I am very excited to be working on a new house project for a couple who lost their house in the recent Fourmile Canyon fire just west of Boulder. I feel deeply for their loss – years of mementos, photos, etc. all lost, not to mention the house itself, the repository of years of memories and events. So it is kind of odd for me to be happy working on a project that stems, to some extent, from a great sadness. But I can’t help it, I love to make buildings, to sit down with folks, listen to their stories, their dreams and thoughts and try to give form to those explicit and implicit desires.
The design we are working on tries to balance the centrifugal forces that are directed toward magnificent mountain panoramic views with the centripetal forces that focus on a courtyard and the internal landscape of the house.
These are some relatively early views of SketchUp model of the project. SketchUp is a great tool and its integration with Google Earth allows us to upload the model and place it in the actual topography and verify view corridors to specific sites – in this case, a distant view east to Denver and extensive views west and south to the mountains.
While I would probably never give up the tools of physical models, sketches, plans, etc., the use of SketchUp is a powerful tool that might tempt one away from such traditional design methods. It can in fact be a bit difficult to remember that even though we can make a fully rendered model of the project that we can walk through, view furniture and the light streaming in, that we have not completed the design of the project. We may have crafted the space and maybe even captured some of the touch and feel of the building, but we hardly even touched the larger and more difficult task of detailing the structure. Every eave, every handrail, every window mutin has yet to be drawn and studied. As my friend David Leary says, it’s a marathon, not a sprint.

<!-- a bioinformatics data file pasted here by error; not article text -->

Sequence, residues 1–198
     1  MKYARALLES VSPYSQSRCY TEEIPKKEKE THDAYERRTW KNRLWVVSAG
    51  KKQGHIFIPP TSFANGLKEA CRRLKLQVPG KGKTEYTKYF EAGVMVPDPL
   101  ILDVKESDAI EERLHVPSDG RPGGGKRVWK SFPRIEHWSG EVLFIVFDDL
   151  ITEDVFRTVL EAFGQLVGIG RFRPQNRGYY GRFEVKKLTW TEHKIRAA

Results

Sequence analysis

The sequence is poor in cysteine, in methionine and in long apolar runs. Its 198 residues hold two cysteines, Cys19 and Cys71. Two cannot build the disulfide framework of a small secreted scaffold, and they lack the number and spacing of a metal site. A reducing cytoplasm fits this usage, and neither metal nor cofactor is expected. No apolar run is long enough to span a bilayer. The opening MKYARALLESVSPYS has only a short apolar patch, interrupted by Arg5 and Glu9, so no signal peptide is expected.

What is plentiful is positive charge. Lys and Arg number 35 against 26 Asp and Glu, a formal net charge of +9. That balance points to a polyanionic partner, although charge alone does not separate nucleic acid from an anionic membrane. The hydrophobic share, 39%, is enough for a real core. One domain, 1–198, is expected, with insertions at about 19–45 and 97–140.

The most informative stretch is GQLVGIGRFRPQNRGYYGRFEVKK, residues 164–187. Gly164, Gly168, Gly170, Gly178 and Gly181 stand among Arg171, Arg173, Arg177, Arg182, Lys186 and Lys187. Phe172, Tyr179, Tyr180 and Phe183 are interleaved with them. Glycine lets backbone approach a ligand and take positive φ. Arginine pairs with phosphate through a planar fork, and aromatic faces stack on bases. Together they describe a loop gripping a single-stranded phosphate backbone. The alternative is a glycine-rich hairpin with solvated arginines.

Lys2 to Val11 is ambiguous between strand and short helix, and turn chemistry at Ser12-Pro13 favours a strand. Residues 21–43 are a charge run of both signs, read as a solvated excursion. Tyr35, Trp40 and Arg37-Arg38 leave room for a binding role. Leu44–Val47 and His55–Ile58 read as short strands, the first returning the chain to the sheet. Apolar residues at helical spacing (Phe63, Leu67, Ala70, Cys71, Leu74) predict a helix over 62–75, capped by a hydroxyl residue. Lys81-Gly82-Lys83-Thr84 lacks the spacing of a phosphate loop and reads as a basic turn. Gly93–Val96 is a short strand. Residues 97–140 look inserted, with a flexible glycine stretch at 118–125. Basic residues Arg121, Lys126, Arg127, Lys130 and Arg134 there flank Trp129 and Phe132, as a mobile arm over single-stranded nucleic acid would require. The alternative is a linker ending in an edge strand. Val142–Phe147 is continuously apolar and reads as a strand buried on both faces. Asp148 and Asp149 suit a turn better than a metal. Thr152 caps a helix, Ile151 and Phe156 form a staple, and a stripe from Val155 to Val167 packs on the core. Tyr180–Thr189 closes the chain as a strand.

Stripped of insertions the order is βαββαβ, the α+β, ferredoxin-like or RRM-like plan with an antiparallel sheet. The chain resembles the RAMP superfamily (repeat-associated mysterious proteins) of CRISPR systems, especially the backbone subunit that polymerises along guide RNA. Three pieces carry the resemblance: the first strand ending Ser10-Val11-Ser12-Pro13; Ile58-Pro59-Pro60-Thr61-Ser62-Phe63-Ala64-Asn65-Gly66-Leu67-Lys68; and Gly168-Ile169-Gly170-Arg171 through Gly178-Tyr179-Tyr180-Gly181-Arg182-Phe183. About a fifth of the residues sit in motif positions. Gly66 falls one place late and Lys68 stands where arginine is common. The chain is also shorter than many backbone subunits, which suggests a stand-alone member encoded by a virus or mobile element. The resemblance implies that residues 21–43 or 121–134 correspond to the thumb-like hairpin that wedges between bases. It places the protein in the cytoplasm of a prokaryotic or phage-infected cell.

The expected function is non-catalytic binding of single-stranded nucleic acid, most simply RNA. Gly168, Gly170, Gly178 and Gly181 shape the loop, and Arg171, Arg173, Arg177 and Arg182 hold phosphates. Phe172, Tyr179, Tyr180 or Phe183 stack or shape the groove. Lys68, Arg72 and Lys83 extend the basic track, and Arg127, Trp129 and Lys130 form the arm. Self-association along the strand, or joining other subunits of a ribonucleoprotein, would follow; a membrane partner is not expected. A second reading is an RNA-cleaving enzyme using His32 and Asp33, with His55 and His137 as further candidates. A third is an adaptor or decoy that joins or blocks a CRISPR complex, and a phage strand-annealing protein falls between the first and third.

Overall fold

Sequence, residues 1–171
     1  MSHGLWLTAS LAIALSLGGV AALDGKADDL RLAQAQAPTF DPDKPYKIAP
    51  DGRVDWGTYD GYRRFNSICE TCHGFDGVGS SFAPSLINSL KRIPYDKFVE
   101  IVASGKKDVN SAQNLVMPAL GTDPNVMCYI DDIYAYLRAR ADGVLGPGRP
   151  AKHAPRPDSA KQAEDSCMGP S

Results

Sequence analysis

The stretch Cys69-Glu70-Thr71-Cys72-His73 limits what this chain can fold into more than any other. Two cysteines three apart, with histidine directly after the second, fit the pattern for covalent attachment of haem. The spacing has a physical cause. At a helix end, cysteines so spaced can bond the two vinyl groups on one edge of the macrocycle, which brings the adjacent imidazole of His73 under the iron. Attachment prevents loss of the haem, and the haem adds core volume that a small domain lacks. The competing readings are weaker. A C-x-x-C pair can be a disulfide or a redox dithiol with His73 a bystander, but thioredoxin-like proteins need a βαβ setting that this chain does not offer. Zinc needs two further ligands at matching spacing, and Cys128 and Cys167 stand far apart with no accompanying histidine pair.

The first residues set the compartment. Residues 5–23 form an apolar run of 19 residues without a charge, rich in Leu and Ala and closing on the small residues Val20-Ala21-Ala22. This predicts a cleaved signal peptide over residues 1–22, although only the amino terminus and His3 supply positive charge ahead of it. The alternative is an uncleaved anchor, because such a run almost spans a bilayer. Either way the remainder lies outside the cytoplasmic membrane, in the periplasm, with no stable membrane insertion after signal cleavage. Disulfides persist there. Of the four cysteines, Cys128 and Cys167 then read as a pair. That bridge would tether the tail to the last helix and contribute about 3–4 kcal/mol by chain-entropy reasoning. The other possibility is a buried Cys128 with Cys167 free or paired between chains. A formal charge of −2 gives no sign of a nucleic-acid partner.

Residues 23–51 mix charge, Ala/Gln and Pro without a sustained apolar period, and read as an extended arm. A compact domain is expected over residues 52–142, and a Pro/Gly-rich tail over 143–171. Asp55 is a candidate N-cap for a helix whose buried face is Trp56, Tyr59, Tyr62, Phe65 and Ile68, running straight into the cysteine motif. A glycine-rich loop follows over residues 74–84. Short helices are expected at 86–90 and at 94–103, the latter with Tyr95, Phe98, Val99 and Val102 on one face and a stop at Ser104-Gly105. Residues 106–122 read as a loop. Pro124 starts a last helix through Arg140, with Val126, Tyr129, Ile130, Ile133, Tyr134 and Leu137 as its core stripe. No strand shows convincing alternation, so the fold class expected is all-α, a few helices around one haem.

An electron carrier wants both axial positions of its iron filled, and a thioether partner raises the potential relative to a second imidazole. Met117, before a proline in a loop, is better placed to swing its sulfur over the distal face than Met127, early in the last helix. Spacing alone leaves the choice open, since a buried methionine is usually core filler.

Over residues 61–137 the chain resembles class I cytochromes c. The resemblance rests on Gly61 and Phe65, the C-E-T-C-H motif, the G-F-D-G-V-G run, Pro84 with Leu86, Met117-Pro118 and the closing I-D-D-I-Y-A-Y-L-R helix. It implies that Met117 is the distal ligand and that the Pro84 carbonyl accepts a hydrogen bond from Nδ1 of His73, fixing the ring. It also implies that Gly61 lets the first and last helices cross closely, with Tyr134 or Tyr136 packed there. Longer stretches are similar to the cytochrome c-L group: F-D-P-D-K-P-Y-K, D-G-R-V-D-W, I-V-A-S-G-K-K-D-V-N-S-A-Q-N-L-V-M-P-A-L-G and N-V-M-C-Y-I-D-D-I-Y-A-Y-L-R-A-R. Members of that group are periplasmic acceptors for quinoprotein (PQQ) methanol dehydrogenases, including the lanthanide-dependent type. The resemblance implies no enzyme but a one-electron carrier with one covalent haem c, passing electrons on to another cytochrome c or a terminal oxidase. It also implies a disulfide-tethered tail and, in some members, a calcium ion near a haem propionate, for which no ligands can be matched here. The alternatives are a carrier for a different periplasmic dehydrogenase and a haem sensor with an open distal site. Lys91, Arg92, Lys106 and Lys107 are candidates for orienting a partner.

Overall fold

I have a bit of a superstitious disposition. I try to wear my lucky hat when fishing. It frankly does matter which pencil I draw with. And for every presentation of a new design or interview with potential clients, I wear an orange shirt.
Not the same shirt mind you. Almost any orange shirt will do, and over the 16-plus years of this predilection, I have had quite a few. However, it all started quite innocently and probably took a year or two off my life in the period of few minutes.
When I was in grad school, my first architecture jury was approached with even more than the usual amount of apprehension. I was about to present my work in front of some of the most respected, most famous, architects and educators on the East Coast. I had done well at the local state university and worked in the architecture world for a few years but now I felt I was about to be handed my ass and kicked out the door of the fancy ivy league institution. Clearly a Kentucky kid was about to be whupped.
I was working on a painfully complex project with carefully interlocking spaces and building elements. To demonstrate this I had a series of color-coded plans and building sections. Red for circulation, blue for public spaces, etc. And, not by design, the day of the jury I sported an orange shirt.